GDPR, is it just an IT thing?
I was at my local the other night and overheard a group of co-workers saying that they had the whole GDPR stuff “sussed” as they
just bought licences for software that will sort it out. Define problem, buy solution, plug the hole, job done. I have heard of other stories of developers working on a “GDPR in a box” that will be the “all in one solution” that will somehow collate information from multiple sources and somehow magically clean up your data ready for May 28th. This is very much a compliance or “IT’ approach. We need on-line security so we buy a firewall. We don’t want the hassle, so put everything in the cloud. The emphasis from the business community – and therefore software vendors – is to make everything easy, counting the number of clicks, or making everything “user-friendly” – anything to make the problem go away. Dumb it down and free it up. This is where the concept of ‘Privacy by Design’ comes in.
What is Privacy by Design?
One of the principles, which you will hear of more and more, is “Privacy by design”. I have heard it said that in future many legacy software solutions, which currently comply with the GDPR framework, will have “client confidentiality” built into future versions. My take on it is that the authorities want get business owners to take stock and consider all aspects of keeping the data, not just playing it safe with the minimal amount of effort for the purposes required. Basically, they want you to stop and think about what data you hold, the issues it raises, what you are going to do about it and the positive action you are going to take towards that goal. Adding another software patch just ain’t gonna cut it.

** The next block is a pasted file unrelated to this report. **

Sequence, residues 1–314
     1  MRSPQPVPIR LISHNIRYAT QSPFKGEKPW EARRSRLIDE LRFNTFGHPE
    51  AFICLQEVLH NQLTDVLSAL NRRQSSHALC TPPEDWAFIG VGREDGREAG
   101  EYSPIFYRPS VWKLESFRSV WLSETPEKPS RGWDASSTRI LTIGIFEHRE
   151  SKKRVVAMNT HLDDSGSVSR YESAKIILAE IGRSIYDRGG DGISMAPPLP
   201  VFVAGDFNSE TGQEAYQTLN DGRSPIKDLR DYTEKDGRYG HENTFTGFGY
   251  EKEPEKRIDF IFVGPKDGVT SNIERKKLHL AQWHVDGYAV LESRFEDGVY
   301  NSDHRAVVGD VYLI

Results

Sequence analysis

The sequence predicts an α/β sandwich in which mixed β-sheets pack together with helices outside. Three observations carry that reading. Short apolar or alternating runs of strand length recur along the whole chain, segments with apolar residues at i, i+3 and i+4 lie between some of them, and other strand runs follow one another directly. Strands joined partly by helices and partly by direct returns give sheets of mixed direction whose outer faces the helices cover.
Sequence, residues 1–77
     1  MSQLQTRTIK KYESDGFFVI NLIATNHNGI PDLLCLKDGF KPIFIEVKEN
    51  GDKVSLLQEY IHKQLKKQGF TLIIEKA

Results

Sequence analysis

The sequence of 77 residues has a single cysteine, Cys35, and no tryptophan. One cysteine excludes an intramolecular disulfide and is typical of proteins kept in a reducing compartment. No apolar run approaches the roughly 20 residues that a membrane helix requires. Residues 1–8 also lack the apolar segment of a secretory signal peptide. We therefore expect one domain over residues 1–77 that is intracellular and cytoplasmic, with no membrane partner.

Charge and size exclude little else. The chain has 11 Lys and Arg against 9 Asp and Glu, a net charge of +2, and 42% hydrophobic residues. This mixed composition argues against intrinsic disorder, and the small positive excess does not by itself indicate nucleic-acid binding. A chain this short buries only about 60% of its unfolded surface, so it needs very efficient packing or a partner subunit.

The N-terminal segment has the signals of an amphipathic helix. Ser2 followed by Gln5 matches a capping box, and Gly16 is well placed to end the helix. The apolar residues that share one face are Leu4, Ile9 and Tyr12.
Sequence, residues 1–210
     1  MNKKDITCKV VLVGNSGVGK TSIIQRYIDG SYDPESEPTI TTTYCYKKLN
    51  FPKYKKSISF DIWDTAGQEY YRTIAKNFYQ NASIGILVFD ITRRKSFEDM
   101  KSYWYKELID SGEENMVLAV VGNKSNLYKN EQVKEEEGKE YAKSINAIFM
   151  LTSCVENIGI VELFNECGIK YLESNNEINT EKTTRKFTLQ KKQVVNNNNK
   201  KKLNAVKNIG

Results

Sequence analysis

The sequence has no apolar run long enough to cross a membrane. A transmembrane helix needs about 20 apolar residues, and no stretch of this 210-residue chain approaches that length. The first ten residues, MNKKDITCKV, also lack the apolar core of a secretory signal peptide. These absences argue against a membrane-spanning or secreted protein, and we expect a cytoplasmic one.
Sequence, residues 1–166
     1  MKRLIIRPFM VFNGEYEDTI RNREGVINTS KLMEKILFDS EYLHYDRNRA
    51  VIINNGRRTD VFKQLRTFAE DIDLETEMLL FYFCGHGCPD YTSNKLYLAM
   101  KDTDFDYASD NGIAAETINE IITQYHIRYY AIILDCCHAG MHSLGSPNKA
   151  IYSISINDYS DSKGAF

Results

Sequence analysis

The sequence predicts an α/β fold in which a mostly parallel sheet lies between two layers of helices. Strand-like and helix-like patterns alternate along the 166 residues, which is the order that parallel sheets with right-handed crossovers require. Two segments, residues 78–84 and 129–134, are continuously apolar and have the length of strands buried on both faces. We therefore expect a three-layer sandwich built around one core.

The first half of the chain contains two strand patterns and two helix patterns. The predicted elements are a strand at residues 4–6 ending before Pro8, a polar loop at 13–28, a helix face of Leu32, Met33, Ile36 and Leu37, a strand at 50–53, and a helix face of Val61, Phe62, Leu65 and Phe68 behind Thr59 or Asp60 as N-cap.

How does GDPR effect software?
If you consider the software in your possession, there will be multiple different packages – Outlook, Excel, Word, Sage or Xero, an Access database, CRM, Warehouse systems, Auto-Cad for drawings. That alone requires a distinct approach to each package as each has a separate function and purpose. Even though vendors will be incorporating the principles of “privacy by design” in their upcoming updates and future products releases, there is still the other half of the battle in terms of how the software is deployed and used. There is no point redesigning the software package if the way it is used does not fit the purpose of client confidentiality. This should be addressed as part of the “privacy impact assessment” and applied accordingly.